Juifs du Marocphotography
Juifs du Maroc
One of the photographers whose work is widely circulated in the jewellery world is Jean Besancenot. His portraits of men and women from Morocco are featured both on the Internet and in books, as they provide detailed insight into how dress and adornment were worn. The Musée d’art et d’histoire du Judaisme in Paris has selected a variety of his photographs for their exhibition Juifs du Maroc – Photographies de Jean Besancenot 1934 – 1937. Unfortunately, I have not been able to admire the exhibition itself, but the accompanying publication is a delight.
The main asset of this book, besides the photographs themselves of course, is that it provides personal and historical context to the photographs. This is very valuable, as photographs often circulate in a vacuum and the who, what and why of their background is not always presented. This concise book combines the photographs with original notes from the photographer. These are taken from his 1988 publication Costumes du Maroc as well as from his notes that are kept in the Institut du Monde Arabe in Paris. Additionally, essays from various other authors provide context to the photographer as well as the world he was photographing. A personal account of the daughter of one of the young men portraited relates how she discovered it was her father – throughout the book the names of the persons portraited are given where possible. An essay about costume and dress along with a glossary complete this exploration into Jewish dress in Morocco.
The photographs themselves are subdivided into several regional areas. First, the cities are presented, followed by inhabitants of the Souss region, the Todhra and Dades Valleys, the region around Tafafilet and finally the Draa Valley. Each photograph is presented with an excerpt from his notes, detailing dress and jewellery items or presenting general observations. We learn for example how Jewish women would use the same facial designs as their Amazigh neighbours, because they shared the same local beliefs; the difference being that Jewish women did not tattoo these signs but painted them on with the paint mixture known as harqus (p. 62 and 108).
This book is not a complete overview of dress and adornment of the Jewish population in Morocco, and is not intended as such. Rather, it offers glimpses of this world through the photographs. By reading the captions and short descriptions with the pictures, you’ll learn a great deal about the names of items of dress and adornment and the occasions on which certain items would have been worn. Through the captions, we also get an idea of what the photographer wanted to convey. Many photographs are indeed posed portraits, but unlike the staged studio portraits we also encounter in North Africa: here, the ladies themselves showed the photographer how a certain dress was worn and what jewellery it would be paired with. Occasionally, the photographer himself orchestrated a picture, like the group photo of several ladies from Tahala (p. 51). His reason for this group photo was to show the abundance and similarities of jewellery worn. The context given about the motives of both photographer and photographed allows us to place the result in more context.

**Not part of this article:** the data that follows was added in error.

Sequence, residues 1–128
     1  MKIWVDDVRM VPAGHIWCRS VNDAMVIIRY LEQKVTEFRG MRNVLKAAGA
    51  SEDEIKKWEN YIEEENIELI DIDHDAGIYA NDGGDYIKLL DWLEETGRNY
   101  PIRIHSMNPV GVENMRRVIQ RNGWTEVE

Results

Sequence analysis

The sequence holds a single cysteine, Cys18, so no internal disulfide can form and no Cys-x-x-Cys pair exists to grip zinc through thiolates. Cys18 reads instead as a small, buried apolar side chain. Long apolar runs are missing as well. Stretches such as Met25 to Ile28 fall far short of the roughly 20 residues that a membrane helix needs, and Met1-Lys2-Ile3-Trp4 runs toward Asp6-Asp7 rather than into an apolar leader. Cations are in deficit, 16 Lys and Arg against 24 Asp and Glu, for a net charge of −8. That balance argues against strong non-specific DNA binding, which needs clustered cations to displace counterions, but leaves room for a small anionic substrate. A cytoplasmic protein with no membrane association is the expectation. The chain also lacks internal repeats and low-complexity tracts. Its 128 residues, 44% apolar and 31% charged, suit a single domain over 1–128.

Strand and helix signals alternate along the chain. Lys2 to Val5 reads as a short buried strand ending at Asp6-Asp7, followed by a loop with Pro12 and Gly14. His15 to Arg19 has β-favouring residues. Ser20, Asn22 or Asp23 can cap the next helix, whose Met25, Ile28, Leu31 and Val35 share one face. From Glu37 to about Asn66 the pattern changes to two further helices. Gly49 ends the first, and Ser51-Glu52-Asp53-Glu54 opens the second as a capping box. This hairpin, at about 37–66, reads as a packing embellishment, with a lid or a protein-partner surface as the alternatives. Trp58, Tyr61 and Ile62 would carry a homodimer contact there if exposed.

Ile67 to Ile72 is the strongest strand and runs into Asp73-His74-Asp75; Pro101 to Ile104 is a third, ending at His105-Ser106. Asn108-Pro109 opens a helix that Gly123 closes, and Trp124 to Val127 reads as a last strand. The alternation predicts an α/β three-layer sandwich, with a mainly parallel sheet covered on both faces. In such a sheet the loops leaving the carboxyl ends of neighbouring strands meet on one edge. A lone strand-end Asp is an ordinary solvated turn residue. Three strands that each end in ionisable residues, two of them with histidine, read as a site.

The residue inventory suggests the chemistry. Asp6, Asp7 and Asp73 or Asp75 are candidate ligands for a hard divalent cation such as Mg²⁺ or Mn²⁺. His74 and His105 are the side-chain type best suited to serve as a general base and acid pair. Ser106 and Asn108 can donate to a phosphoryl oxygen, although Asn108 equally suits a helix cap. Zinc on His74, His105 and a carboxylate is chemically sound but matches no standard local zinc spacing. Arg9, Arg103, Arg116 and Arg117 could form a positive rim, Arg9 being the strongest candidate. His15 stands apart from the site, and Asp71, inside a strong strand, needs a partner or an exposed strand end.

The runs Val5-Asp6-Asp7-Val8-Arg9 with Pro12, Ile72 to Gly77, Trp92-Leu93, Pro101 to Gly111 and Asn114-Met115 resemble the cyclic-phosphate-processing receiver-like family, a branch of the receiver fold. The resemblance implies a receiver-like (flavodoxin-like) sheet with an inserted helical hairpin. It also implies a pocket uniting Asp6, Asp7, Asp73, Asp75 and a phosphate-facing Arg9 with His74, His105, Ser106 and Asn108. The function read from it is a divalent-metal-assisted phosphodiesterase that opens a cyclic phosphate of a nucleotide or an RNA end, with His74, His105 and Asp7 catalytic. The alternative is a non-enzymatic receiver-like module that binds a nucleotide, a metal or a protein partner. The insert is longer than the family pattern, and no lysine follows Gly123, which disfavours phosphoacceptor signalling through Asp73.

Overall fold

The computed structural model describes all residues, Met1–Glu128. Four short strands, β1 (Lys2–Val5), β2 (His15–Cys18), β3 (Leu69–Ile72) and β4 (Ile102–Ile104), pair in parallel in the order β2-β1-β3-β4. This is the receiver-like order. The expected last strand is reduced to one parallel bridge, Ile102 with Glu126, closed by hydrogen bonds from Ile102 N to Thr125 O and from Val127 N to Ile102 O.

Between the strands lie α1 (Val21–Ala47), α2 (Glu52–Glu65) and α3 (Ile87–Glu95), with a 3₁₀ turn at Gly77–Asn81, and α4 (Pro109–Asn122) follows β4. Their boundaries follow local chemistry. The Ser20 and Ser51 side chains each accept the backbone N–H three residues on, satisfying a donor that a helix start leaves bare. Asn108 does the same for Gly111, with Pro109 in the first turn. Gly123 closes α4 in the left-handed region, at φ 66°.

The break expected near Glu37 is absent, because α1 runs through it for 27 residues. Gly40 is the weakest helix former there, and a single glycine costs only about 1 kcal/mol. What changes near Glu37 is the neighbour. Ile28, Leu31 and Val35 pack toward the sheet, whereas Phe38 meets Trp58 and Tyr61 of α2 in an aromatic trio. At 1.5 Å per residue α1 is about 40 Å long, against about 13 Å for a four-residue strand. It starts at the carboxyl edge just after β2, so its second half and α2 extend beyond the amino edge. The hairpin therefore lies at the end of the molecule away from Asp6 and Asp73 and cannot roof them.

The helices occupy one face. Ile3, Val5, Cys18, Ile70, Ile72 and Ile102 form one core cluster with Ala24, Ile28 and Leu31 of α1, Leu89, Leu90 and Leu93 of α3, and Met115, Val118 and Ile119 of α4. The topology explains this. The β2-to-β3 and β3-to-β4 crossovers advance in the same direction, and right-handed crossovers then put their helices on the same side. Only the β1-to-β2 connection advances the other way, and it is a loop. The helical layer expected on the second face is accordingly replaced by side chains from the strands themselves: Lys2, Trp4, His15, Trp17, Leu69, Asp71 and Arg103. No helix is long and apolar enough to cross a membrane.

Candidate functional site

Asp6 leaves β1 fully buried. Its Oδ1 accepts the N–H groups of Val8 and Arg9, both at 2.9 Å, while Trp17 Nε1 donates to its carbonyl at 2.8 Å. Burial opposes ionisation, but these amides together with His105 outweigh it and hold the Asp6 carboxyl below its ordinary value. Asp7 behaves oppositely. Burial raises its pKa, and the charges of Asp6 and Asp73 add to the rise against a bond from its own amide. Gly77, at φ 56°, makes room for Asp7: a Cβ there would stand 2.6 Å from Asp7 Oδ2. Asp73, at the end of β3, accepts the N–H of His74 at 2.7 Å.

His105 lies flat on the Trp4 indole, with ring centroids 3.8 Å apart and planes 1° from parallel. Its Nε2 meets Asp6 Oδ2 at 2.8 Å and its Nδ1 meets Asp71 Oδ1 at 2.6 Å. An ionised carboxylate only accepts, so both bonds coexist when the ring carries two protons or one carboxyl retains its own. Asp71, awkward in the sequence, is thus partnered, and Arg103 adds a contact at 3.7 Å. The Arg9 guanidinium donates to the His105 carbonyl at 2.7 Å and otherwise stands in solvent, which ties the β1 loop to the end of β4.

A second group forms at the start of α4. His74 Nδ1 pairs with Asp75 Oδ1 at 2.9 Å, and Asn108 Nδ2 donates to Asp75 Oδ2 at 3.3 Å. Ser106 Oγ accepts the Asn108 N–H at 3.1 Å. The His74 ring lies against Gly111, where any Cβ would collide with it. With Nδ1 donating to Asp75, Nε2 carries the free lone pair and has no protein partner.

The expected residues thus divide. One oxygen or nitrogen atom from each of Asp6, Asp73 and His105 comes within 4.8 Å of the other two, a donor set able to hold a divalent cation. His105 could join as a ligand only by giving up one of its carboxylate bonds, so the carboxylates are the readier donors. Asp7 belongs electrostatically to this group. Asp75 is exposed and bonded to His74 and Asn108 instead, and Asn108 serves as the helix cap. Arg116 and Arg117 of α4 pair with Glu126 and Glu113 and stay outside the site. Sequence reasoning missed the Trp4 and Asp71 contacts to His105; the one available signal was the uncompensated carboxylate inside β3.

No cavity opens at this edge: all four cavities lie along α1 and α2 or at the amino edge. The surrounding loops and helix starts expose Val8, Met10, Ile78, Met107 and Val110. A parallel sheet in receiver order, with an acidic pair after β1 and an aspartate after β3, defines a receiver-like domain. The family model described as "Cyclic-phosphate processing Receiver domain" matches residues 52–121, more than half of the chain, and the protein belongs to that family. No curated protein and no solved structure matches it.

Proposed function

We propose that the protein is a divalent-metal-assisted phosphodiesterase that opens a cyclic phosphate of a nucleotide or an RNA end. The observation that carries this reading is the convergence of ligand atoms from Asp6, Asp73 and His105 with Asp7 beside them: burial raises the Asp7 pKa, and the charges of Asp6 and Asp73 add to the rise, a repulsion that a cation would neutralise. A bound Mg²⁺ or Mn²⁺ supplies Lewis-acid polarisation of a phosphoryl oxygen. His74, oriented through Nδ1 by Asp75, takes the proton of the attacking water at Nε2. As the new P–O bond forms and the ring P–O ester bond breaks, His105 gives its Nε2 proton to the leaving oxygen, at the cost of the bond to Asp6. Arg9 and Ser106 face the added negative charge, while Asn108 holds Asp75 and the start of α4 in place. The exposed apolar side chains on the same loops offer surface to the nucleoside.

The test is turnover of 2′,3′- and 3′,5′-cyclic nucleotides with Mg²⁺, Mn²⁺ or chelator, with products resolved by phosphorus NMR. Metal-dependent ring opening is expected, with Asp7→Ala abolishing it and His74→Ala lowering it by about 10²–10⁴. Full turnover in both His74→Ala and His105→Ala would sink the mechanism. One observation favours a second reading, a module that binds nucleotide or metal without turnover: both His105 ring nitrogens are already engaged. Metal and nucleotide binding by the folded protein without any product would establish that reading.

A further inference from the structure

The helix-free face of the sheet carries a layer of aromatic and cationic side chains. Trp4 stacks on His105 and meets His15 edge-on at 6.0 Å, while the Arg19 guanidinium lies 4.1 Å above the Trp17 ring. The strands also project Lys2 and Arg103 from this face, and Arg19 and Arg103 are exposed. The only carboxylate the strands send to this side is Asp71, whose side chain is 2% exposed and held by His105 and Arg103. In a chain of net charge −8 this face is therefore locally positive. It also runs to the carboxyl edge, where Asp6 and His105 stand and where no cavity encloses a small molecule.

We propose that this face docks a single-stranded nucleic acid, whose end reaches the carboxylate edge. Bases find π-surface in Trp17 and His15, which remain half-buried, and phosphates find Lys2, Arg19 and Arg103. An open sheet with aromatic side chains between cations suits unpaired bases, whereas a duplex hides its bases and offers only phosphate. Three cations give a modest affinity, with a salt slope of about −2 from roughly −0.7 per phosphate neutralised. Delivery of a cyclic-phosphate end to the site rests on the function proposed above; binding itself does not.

What I liked most about this book, apart from the amount of information it provides, is the incidental candid snapshot. As most of the photographs are portraits, the persons in them clearly pose: eyes downcast and posing with the static awkwardness we all feel when asked to stand still for a picture. But a few photos break this mould: a glance upwards in a synagogue courtyard where a few boys are sitting, a woman pouring water from a container, a radiant smile…
This is a book you will want to add to your bookshelf!
Juifs du Maroc. Photographies de Jean Besancenot, 1934-1937. 159 pp, black & white with a few colour plates, in French. Available through the super helpful shop of the Musée d’art et de l’histoire de Judaisme, Paris.
The book was purchased from the museum.